A Distant Dream : Hydrogen As A Backup For Renewables

Credit: American Public Power Association/ unsplash
  • Hydrogen fueled power plants could function as a back up to intermittent renewables.
  • Renewable energy generation depends on wind and solar resources and will be critical to achieving net zero goal.
  • But it will require a lengthy coordinated effort to research and build the necessary infrastructure.

Today, as Germany has found after the invasion of Ukraine put a squeeze on gas imports and having closed down its nuclear plants, renewable power generation is still too unreliable to efficiently run an economy and coal-powered stations are being fired up to fill the gaps.

An Energy Storage Vessel 

Hydrogen is being touted as an energy storage vessel and eventually may form part of the solution for variable renewable energy, especially when produced from clean power through electrolysers. Almost a fifth of all hydrogen-based fuels produced by 2050 has been earmarked for the generation of electricity, or around 102 million tons out of a total 528 million tons, according to the International Energy Agency’s (IEA’s) Net Zero 2050 scenario.

“In the future, hydrogen re-electrification will be complementary to renewable energy, i.e., providing decarbonized power (and heat) at times where there is not enough renewable energy (mainly wind and solar) in the system…” says Vice President of Gas Services Sales – Hydrogen at Siemens Energy Erik Zindel. Building out a production, transport, and storage network is just part of the challenge when using hydrogen and its unique properties mean it cannot just replace natural gas on a one-for-one basis in existing infrastructure.

Gradual Approach

Siemens is working on hydrogen-ready power plants to limit future retrofit costs, while some companies are already planning on blending hydrogen into existing natural gas plants for a more gradual approach. The slow replacement of natural gas with hydrogen in power plants can help mitigate the problem of a lack of sufficient volumes of the gas before production is ramped up and transport solutions found, and also means the unique properties of hydrogen in existing technology can be properly explored.

In Britain, Centrica Business Solutions and HiiROC, a developer of hydrogen production systems, plan to begin injecting hydrogen into its existing gas peaking plant at Brigg, Lincolnshire as part of a 12-month trial which is part funded from the government-funded Net Zero Technology Centre’s (NZTC’s) £8 million ($9.2 million) Open Innovation Program. “As blending ratios increase various adjustments and modifications are likely to be required,” says Senior Hydrogen Development Manager at Centrica Chris Wright. Centrica is working on the project with HiiROC proprietary technology which converts biomethane, flare gas, or natural gas into hydrogen and carbon black, which is used in tires and other rubber products as a pigment and in electronics as a conductor of electricity.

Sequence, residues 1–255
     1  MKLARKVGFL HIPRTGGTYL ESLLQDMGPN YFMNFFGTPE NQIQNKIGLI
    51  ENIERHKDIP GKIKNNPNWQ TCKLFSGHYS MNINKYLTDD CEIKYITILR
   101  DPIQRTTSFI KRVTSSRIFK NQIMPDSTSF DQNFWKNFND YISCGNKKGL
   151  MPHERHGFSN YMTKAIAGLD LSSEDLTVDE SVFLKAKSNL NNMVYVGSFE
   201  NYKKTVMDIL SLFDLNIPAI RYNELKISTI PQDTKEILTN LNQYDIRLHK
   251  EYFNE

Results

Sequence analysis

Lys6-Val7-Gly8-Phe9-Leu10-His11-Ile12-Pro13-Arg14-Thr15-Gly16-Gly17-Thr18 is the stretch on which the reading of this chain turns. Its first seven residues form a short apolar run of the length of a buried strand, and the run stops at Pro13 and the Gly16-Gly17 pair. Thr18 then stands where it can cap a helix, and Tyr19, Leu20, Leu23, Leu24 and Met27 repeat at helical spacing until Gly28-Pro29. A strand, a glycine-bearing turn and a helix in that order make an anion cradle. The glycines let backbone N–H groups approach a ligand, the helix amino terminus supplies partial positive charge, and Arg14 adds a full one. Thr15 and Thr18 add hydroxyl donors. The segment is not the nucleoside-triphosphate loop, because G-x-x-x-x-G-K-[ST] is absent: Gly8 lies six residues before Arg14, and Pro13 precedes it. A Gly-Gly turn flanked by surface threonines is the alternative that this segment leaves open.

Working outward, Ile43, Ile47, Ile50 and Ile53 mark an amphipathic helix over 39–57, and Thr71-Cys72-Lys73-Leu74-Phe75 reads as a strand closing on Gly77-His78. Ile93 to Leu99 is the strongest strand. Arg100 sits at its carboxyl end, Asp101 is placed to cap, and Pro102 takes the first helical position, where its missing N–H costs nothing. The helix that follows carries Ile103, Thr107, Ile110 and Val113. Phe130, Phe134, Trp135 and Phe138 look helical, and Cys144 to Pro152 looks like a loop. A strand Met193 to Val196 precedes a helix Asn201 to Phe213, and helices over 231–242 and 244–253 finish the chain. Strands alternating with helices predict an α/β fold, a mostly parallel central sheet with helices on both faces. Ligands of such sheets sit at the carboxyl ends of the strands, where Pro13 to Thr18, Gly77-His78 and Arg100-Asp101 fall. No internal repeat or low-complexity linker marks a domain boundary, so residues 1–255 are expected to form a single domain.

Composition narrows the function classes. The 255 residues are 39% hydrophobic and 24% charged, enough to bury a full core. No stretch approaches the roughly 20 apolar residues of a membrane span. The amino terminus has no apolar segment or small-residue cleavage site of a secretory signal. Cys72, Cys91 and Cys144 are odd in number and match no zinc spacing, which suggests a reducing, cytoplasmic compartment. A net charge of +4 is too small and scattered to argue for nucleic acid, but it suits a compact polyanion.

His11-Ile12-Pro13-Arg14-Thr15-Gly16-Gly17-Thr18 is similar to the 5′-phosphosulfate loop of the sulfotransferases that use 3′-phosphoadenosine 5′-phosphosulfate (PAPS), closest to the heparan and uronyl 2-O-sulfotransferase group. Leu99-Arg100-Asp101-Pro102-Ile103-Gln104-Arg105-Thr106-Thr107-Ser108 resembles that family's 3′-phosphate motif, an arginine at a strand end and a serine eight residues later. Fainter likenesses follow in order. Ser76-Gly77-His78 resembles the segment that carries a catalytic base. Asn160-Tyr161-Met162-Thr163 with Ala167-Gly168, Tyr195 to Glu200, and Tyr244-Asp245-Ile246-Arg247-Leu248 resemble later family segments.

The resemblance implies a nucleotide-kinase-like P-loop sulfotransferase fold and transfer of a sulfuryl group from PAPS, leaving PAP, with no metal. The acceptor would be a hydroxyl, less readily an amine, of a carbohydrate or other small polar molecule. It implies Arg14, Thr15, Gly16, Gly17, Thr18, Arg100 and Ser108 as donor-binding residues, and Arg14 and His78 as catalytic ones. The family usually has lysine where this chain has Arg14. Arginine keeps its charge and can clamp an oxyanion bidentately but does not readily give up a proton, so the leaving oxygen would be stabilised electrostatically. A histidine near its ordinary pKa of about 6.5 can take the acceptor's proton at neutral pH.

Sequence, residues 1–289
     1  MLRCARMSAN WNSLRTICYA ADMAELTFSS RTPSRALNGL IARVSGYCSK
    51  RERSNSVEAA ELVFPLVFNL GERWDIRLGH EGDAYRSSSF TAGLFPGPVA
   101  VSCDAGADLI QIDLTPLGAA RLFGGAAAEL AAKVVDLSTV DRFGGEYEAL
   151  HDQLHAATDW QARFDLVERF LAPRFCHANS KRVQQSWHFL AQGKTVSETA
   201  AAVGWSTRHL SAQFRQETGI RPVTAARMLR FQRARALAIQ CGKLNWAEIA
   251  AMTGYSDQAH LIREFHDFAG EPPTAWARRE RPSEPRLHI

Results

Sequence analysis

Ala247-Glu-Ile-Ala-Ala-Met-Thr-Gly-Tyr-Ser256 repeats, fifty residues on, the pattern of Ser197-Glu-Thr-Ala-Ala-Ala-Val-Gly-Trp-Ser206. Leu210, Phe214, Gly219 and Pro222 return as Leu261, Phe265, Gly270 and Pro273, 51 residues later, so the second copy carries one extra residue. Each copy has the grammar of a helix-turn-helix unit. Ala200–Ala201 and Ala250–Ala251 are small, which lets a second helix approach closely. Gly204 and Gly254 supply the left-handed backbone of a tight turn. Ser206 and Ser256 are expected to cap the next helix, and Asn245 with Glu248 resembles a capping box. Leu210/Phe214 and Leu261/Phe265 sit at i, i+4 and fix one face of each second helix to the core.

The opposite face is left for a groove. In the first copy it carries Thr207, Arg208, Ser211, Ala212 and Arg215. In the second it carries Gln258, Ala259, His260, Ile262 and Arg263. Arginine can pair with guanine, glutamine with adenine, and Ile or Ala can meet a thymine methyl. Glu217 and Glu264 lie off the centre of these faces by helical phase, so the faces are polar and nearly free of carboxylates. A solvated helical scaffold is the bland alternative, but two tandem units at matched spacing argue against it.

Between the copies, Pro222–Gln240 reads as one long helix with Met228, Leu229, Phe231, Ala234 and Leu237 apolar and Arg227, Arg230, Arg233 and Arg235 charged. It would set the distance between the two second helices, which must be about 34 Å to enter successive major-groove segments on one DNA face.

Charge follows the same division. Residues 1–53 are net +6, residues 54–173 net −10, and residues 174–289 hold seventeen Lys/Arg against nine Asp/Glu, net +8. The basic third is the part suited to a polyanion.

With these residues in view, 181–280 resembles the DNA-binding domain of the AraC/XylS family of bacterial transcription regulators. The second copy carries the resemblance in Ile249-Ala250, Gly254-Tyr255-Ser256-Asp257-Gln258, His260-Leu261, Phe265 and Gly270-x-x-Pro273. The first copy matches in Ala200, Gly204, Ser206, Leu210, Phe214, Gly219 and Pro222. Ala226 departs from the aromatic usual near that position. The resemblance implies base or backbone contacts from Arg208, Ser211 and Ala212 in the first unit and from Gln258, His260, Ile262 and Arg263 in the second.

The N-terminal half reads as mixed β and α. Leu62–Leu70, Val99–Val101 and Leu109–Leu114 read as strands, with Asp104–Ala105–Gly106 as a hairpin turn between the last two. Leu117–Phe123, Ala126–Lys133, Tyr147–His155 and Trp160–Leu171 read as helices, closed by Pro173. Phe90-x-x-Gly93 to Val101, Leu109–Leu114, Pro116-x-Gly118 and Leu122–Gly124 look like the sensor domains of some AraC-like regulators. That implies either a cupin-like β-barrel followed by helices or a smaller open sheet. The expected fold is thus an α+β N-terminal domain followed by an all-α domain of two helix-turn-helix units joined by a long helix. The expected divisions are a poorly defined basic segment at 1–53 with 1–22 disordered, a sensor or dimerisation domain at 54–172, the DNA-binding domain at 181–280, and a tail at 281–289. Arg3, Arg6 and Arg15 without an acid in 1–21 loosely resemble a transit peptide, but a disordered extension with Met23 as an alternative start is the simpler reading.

Testing The Limits

The Department of Energy’s (DOE’s) HyBlend project is looking at potential technical barriers to blending hydrogen in natural gas pipelines with an eye on materials compatibility research and development, techno economic analysis, and environmental life-cycle analysis. The consortium working on HyBlend includes six national laboratories and over 20 companies working with an R&D portfolio of $15 million from 2021-2023 to examine the challenges and opportunities of blending.

Blend limits depend on the design and condition of current pipeline materials (including integrity, dimensions, materials of construction), pipeline infrastructure equipment (compressor stations for example), and applications that utilize natural gas, including building appliances, turbines and chemical processes such as plastics production, the consortium says. One cubic meter of hydrogen produces roughly one third of the energy produced by a cubic meter of methane, so in order to maintain the same energy supply you need to use many more molecules, which has its own technical issues, Elgowainy notes. Other concerns arise at higher pressures, such as the pressure rating of the pipeline, the adaptability of the compression station to reach such pressures, and the ability of the pipeline to withstand higher gas speeds.

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Source: Reuters


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